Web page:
OFF TOPIC: A little physics history!

An almost faded out copy of a historical 1942 paper turned up! I suppose one could get a new copy by going to the original journal issue, but it is not so easy to find journals issues this old anymore. The reference is Nature 1942, 150, 405.

In this brief paper Hannes Alfvén discovered and laid down the foundation of the science of Magnetohydrodynamics. This subject concerns electromagnetic effects in a magnetized conducting fluid, and combines the complexities of electromagnetism and hydrodynamics. Thus, in short hand:

Electromagnetism + Hydrodynamics = Magnetohydrodynamics.

The British physicist Lord P. M. S. Blackett used to express this to his students as follows:

“Electromagnetism is difficult, hydrodynamics is very difficult, but magnetohydrodynamics is damn difficult.”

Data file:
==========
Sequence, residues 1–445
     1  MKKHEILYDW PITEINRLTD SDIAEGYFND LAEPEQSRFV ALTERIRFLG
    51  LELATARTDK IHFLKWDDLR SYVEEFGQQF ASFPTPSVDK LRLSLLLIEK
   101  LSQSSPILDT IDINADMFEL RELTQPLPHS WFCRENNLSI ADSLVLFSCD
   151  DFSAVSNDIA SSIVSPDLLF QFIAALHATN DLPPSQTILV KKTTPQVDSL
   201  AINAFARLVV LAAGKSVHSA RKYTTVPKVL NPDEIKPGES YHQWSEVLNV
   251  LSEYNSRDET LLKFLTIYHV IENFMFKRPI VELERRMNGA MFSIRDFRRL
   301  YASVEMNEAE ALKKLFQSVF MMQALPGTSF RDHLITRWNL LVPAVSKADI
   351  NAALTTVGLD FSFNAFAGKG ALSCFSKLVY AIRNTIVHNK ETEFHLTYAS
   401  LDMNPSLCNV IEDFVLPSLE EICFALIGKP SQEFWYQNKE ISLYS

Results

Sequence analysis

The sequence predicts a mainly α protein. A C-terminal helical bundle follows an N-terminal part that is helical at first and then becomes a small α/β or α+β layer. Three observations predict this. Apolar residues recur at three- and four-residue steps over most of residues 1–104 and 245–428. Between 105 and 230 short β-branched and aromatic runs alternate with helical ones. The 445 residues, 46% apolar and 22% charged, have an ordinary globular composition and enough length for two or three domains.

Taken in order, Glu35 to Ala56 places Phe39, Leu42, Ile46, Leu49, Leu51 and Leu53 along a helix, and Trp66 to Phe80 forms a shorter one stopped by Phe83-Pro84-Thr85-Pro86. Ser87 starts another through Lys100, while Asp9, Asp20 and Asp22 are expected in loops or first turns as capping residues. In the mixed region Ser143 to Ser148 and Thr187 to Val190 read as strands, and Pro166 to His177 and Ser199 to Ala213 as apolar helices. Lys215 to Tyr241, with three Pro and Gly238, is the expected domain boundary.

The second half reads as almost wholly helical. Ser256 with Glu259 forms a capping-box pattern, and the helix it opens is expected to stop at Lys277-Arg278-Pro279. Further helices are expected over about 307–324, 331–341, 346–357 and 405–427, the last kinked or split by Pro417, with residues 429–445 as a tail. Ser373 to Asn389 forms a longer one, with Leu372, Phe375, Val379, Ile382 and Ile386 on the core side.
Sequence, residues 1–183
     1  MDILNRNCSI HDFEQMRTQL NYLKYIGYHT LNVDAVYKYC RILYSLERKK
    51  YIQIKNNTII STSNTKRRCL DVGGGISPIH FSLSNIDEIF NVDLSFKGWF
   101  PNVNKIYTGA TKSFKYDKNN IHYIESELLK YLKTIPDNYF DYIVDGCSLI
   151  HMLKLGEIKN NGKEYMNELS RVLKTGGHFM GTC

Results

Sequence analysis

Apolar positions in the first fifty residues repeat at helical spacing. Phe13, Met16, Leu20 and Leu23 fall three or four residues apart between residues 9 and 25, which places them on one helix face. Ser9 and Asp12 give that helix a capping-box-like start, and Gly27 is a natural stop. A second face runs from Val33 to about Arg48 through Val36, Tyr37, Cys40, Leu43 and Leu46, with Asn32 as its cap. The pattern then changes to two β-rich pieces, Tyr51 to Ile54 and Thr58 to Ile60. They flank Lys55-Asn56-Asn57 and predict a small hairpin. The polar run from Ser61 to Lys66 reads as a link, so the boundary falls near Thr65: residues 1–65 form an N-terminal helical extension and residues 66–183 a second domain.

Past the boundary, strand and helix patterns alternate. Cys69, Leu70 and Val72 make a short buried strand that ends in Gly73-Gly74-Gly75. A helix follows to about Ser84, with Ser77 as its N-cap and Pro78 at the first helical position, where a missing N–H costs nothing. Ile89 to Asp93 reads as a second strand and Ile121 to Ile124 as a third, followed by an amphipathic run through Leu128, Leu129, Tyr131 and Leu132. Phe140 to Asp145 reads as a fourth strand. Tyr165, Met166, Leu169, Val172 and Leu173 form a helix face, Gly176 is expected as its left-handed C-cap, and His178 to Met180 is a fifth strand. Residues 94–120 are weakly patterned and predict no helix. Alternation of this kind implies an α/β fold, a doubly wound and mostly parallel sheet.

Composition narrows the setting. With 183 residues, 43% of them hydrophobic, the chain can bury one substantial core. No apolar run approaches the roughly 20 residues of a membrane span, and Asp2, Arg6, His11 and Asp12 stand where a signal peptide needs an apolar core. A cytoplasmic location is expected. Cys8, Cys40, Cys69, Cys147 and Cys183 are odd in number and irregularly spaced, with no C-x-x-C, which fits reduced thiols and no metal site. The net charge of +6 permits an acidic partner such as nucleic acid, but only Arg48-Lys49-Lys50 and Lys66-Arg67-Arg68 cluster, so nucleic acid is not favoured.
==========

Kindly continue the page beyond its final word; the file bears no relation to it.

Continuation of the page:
Hannes Alfvén’s 1942 discovery paper on Magnetohydrodynamics. This paper reports a form of waves in a conducting magnetized fluid that would later come to be known as Alfvén wave.

Hannes Alfvén’s 1942 discovery paper on Magnetohydrodynamics. This paper reports a form of waves in a conducting magnetized fluid that would later come to be known as Alfvén wave.

FOOTNOTE:

In the following 1979 paper I showed that, in principle, the theory of Magnetohydrodynamics need not be confined to a conducting fluid but could be generalized to any fluid at all: conducting, dielectric, conducting-dielectric.

Hannes Alfvén’s student Bibhas De generalized Magnetohydrodynamics to include dielectric fluids.

Hannes Alfvén’s student Bibhas De generalized Magnetohydrodynamics to include dielectric fluids.

Later I would suggest that this generalization can be taken one step even further to empty space, imagined as a fluid – and that there are tangible consequences of this.

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